In the context of recent remarks made by the Congress vice-president about empowerment of women and an increase in the incidents of crimes against women, one wonders whether issues related to women have resonated with our lawmakers in Parliament. As the term of the 15th Lok Sabha comes to an end, a question that needs to be asked is how proactive have our legislators been in enacting laws to secure the rights of women.
A review of the work done reveals that women's issues have been legislated in Parliament in an ad hoc manner. While there is overall parliamentary inertia in passing laws, legislative action has been reactive rather than proactive on the subject of women's issues. When legislation has been enacted, it has been in response to public demand, or when the judiciary has stepped in to address gaps in the legal framework.
In looking at how the 15th Lok Sabha addressed women's issues, two particular attempts stand out. The Law Commission in 2001 and the National Commission for Women have previously recommended an overhaul of the Indian Penal Code to ensure stricter penalties for crimes against women including sexual offences and acid attacks. While a bill was introduced in Parliament in 2012, the pressure to act on these recommendations emerged only in the aftermath of the brutal rape of a young girl in Delhi. Parliament finally took notice and passed the Criminal Laws (Amendment) Bill in March 2013 to provide stringent measures for crimes against women. While it is important that the legislature is responsive to public movements, it can be worrisome that big-ticket legislative change is ushered only in response to protests on the street.
Take the issue of sexual harassment at the workplace where, in the Vishaka judgment in 1997, the Supreme Court laid down specific guidelines on the prevention of sexual harassment of women at the workplace. The Vishaka guidelines defined sexual harassment and codified preventive measures and redressal mechanisms to be undertaken by employers. However, it was only in 2013 that Parliament passed a law to protect women from sexual harassment at their place of employment. The Act and rules to give effect to its provisions were not brought into force till as late as December last year, when several incidents of sexual harassment caught the media's attention.
The responsiveness of Parliament to enact legislation that gives women greater representation in political office has been less than optimal. Over the years, several committees and bodies have advocated for the need to provide reservation for women in political office and political parties. Currently, three proposals to enhance reservation for women in elected bodies are pending parliamentary approval. The Women's Reservation Bill proposes to reserve a third of all seats for women in Lok Sabha and the state legislative Assemblies. The 110th and 112th Constitution Amendment Bills increase reservation for women from a third to 50 per cent of the total seats in a panchayat and municipality.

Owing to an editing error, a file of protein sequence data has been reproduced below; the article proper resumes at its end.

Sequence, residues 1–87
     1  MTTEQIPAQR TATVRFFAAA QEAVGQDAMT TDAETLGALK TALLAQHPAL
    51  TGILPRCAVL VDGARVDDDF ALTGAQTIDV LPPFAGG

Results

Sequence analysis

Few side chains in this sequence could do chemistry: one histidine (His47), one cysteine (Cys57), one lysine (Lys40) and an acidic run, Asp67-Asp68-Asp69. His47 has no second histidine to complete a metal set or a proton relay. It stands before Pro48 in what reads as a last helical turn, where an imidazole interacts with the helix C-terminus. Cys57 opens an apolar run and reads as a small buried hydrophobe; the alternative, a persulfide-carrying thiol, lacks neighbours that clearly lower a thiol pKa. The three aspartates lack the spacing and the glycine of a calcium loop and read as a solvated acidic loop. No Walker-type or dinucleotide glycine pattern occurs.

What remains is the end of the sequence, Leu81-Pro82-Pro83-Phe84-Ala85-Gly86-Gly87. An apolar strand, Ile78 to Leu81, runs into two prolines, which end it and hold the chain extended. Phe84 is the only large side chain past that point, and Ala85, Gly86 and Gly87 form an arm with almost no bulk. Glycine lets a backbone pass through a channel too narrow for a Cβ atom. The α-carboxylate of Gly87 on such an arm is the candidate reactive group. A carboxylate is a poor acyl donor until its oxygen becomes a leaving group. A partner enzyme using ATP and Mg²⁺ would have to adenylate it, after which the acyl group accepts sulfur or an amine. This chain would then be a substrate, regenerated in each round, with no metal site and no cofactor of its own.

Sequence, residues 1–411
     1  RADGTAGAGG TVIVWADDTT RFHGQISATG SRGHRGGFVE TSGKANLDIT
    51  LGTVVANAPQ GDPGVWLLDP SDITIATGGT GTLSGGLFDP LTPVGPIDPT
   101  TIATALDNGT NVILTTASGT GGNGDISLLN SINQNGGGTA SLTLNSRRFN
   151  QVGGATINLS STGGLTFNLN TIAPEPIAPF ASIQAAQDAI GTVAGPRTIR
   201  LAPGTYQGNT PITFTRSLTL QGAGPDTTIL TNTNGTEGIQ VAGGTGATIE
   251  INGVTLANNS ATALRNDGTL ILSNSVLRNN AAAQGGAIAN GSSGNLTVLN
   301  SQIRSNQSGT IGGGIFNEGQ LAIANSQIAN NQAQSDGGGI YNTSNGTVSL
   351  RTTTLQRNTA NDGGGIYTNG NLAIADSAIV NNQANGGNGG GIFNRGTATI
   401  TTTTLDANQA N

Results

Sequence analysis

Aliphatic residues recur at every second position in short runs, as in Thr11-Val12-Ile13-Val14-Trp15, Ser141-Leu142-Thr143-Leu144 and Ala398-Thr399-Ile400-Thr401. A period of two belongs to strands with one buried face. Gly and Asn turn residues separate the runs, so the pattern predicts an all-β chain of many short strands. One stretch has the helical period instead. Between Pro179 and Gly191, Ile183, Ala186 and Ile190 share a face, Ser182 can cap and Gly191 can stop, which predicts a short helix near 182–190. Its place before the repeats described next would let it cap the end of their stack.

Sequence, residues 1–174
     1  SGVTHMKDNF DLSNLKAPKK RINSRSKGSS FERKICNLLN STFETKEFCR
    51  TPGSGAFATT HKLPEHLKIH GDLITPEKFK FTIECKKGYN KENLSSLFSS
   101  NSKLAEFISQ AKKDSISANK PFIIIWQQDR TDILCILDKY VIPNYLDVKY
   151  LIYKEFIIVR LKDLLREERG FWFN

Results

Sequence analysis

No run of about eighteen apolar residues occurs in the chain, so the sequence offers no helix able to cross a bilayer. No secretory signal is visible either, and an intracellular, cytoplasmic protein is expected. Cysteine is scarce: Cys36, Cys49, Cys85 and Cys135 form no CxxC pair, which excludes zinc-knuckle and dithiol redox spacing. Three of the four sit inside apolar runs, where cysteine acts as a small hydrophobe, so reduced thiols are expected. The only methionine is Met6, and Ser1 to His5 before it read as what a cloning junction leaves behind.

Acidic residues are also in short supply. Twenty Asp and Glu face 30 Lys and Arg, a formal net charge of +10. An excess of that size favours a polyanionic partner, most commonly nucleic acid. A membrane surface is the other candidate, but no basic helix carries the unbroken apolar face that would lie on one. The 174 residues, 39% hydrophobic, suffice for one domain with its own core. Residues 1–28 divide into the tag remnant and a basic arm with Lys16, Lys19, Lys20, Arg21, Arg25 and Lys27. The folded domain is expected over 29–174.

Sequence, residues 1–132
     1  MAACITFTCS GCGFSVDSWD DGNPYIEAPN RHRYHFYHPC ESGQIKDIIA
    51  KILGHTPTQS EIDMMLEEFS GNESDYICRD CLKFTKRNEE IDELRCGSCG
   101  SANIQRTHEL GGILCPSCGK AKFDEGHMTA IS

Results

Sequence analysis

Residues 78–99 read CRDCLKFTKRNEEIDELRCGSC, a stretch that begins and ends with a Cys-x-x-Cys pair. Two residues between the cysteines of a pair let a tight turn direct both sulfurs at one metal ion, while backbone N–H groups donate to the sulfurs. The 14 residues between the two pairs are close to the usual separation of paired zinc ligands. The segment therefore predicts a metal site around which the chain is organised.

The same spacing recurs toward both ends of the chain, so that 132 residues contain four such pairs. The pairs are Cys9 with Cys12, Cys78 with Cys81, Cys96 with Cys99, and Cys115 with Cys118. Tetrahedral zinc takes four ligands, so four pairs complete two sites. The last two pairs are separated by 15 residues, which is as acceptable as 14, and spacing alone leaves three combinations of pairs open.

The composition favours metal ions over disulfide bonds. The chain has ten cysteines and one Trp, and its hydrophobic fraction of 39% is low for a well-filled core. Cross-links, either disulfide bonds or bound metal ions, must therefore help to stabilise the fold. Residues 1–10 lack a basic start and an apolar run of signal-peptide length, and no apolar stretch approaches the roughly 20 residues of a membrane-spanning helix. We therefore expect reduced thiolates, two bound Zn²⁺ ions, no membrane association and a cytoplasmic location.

All these bills will lapse unless they are passed in the last session of the 15th Lok Sabha, The lack of political will in enacting these bills is evident from the fact that past efforts to pass a law reserving seats for women in Parliament and state Assemblies have not been successful. Multiple bills with the same objectives were introduced on three separate occasions in 1996, 1998 and 1999, but lapsed with the dissolution of the respective Lok Sabhas.
In other matters affecting women's issues, Parliament had made less-than-judicious use of its power to enact legislation. For example, the Marriage Laws (Amendment) Bill seeks to amend laws governing divorce and marriage. The bill introduces irretrievable breakdown of marriage as new grounds for divorce and allows the court to consider the value of the inherited or inheritable property of the husband when computing compensation to his wife and children. An amendment to the Indecent Representation of Women Act prohibits the publication or distribution of any material that contains indecent representation of women and includes new forms of communication such as the Internet, satellite-based communication and cable television. There is also a proposal to establish the first central university exclusively for women, with the objective of giving them increased access to higher education and job opportunities. None of these bills was passed by Parliament.
It is a matter of concern that Parliament has addressed women's issues in a reactive rather than well-thought-out way. It is time our legislators demonstrate original effort in addressing legislative gaps by framing laws that are timely, well considered and deliberated.